ORLANDO, Fla. — An Orlando woman just lost $2,000 to sophisticated scammers who pretend to be a well-known tech repair company, then take over your computer and raid your bank accounts.
Helene Brotman bought a new printer from Best Buy. So, when she had trouble connecting it, she called the company.
“They recommended I call Geek Squad and that’s what I did, and they were very helpful,” Brotman said.
Brotman says she found a Geek Squad number online and reached someone who said he was a company tech. Then he took remote control of her laptop to complete the printer connection.
Brotman said she received a notice two days later. “I got an email with a phone number to call telling me they had charged me for a two-year subscription.”
She called the number on the email to dispute the $500 charge for a protection plan. A manager said he needed to take control of her computer again to refund the money into her bank account. Brotman agreed but then watched the screen as the man remotely moved $1,500 out of her bank account. She complained.
“He said, 'Oh I’m new, it’s my mistake. So, can I please speak to your manager,” Brotman said.
That’s when it turned ugly. Brotman realized scammers had taken control of her computer and all her financial information on it. She was locked out.
“I realize I’m held hostage and I don’t know what to do and I was worried they’d take all the money out,” Brotman said.
Before she regained control, the bad guys cheated her out of $3,500.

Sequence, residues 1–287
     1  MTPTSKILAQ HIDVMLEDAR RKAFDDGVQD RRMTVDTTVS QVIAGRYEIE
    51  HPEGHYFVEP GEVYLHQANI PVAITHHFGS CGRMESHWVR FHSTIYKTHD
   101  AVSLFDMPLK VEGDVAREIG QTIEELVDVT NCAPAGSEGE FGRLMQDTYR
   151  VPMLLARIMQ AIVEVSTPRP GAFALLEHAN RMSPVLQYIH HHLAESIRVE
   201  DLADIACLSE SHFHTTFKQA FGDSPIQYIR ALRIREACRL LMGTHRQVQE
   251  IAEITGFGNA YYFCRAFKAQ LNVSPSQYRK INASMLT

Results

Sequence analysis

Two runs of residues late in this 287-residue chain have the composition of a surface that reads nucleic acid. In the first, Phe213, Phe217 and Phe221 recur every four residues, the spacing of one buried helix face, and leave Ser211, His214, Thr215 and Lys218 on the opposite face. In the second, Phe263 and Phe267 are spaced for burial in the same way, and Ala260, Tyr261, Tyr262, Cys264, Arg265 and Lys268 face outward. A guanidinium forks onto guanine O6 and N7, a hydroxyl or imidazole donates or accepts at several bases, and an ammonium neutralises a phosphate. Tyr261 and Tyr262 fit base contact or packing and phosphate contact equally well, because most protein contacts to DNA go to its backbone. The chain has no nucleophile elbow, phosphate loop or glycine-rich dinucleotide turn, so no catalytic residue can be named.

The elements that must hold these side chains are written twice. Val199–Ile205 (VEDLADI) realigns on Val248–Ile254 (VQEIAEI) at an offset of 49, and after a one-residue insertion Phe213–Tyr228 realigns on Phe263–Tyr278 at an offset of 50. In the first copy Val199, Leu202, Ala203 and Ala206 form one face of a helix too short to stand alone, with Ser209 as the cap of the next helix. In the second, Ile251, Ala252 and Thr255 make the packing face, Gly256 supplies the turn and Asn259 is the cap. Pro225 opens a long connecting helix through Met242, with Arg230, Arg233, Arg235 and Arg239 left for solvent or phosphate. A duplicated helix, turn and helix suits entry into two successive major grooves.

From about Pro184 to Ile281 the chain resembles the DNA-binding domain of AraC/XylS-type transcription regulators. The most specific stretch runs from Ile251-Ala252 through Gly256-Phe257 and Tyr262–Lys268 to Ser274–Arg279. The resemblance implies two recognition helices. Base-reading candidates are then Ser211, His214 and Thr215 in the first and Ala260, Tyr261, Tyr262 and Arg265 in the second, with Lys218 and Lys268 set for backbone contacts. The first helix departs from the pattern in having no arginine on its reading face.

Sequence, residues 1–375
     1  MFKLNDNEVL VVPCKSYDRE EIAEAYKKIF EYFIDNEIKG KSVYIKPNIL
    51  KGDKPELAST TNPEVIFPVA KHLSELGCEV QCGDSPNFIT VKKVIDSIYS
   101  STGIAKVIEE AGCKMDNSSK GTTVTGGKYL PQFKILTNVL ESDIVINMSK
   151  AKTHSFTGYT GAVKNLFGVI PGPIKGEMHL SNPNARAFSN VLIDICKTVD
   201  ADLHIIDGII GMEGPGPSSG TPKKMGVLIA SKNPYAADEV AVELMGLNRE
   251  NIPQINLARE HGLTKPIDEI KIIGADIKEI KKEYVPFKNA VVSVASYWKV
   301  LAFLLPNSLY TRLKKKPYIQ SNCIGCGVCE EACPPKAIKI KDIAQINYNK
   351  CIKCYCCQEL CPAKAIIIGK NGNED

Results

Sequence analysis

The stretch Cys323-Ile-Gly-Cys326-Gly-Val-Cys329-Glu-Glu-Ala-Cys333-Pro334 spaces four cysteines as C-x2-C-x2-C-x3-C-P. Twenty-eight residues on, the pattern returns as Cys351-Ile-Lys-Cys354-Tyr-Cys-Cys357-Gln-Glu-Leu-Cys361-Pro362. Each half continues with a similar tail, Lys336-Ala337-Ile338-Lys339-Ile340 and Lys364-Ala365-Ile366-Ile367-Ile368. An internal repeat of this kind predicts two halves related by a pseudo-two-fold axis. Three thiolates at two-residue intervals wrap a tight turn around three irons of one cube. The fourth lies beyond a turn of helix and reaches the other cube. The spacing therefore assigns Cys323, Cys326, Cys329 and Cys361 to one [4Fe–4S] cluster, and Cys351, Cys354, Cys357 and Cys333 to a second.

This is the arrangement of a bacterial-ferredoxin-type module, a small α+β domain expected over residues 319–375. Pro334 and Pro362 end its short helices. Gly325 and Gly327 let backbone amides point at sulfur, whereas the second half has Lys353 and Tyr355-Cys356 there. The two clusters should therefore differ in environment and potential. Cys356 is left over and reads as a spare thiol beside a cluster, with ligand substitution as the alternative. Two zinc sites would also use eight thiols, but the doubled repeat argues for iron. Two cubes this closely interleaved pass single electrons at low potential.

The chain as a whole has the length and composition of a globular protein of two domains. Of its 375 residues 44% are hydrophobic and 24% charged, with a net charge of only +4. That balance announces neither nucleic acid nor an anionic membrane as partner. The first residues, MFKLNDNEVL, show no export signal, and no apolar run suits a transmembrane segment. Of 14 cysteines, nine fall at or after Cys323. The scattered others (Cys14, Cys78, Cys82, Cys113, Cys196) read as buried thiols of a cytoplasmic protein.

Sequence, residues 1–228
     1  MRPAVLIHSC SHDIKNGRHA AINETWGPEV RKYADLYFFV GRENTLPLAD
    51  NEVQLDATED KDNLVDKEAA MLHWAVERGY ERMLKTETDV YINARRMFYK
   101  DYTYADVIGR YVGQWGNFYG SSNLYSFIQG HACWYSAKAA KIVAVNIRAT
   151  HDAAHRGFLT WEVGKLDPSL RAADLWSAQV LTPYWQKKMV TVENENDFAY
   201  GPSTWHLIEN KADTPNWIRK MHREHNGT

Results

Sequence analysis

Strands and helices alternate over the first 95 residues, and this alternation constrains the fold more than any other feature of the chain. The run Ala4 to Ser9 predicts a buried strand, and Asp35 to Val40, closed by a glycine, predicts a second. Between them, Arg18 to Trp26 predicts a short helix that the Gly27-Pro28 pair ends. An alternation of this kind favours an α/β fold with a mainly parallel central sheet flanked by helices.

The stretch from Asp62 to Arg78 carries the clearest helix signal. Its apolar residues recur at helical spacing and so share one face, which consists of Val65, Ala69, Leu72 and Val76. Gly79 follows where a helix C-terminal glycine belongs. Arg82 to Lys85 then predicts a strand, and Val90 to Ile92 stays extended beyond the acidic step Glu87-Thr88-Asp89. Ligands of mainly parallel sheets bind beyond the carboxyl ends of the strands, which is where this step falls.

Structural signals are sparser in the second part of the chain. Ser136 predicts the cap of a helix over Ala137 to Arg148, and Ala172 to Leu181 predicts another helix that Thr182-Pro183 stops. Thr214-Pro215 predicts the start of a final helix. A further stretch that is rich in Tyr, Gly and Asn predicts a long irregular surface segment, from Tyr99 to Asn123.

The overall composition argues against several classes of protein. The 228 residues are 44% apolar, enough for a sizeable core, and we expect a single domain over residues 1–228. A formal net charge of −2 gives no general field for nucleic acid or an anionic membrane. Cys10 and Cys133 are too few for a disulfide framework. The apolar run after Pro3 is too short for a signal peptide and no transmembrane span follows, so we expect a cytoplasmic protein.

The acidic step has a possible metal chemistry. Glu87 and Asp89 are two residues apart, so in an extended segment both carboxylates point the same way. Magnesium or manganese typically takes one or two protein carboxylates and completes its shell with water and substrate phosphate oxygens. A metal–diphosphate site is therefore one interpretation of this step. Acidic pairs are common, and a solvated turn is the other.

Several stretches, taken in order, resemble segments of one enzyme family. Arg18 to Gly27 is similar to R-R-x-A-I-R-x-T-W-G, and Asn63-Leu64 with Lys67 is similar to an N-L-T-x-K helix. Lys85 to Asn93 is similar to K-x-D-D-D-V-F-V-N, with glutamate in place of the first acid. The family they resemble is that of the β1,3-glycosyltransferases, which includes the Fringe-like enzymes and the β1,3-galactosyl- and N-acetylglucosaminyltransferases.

In the past two years the fake geek squad scam has become one of the most sophisticated scams. Pretending to be the major company consumers trust, so they can get control of their computers.
Earlier this year that scam cost a Michigan woman $30,000.
In most cases the scammers leave email or phone messages about what would appear to be Geek Squad renewals or refunds. Many times, that links to official looking Geek Squad websites that are fake.
“This is akin to handing a stranger the keys to your house or handing them your wallet. You could be giving them very personal, very important information,” said BBB President Holly Salmons.
Best Buy warns consumers to be wary of these schemes. And says their techs only access a customer’s computer who contacts the company for help.
Brotman’s bank did send her a $1,500 refund. So, she still lost $2,000.
“Please don’t answer emails from Geek Squad,” Brotman said.
She did complain to the FBI’s Internet Crime Bureau. The agency has some success shutting down these kinds of scams, but rarely gets consumers their money back.
Best Buy’s statement:
“What happened to Ms. Brotman is terrible, and unfortunately, criminals continue to target consumers with many different scams, some of which include posing as brands like Best Buy. To help prevent a scam like this one, customers can always call Best Buy at 1-888-BESTBUY if they need tech support. If someone thinks they’ve been victimized in a similar scam, we encourage them to contact the local authorities immediately, as well as report it to the FBI’s Internet Crime Complaint at ic3.gov.”
Cox Media Group